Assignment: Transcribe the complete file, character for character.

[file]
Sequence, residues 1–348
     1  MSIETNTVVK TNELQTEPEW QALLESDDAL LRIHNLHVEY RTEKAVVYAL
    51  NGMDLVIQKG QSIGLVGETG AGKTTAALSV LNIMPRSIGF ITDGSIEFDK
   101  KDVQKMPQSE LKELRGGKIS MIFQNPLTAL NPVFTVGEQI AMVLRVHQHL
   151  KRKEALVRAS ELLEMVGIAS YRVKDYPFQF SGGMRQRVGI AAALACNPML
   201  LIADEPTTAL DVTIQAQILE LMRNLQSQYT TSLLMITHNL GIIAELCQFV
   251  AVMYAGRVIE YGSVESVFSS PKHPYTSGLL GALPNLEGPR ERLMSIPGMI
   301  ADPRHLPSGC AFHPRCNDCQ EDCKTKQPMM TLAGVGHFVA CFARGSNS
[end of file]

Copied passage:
Sequence, residues 1–348
     1  MSIETNTVVK TNELQTEPEW QALLESDDAL LRIHNLHVEY RTEKAVVYAL
    51  NGMDLVIQKG QSIGLVGETG AGKTTAALSV LNIMPRSIGF ITDGSIEFDK
   101  KDVQKMPQSE LKELRGGKIS MIFQNPLTAL NPVFTVGEQI AMVLRVHQHL
   151  KRKEALVRAS ELLEMVGIAS YRVKDYPFQF SGGMRQRVGI AAALACNPML
   201  LIADEPTTAL DVTIQAQILE LMRNLQSQYT TSLLMITHNL GIIAELCQFV
   251  AVMYAGRVIE YGSVESVFSS PKHPYTSGLL GALPNLEGPR ERLMSIPGMI
   301  ADPRHLPSGC AFHPRCNDCQ EDCKTKQPMM TLAGVGHFVA CFARGSNS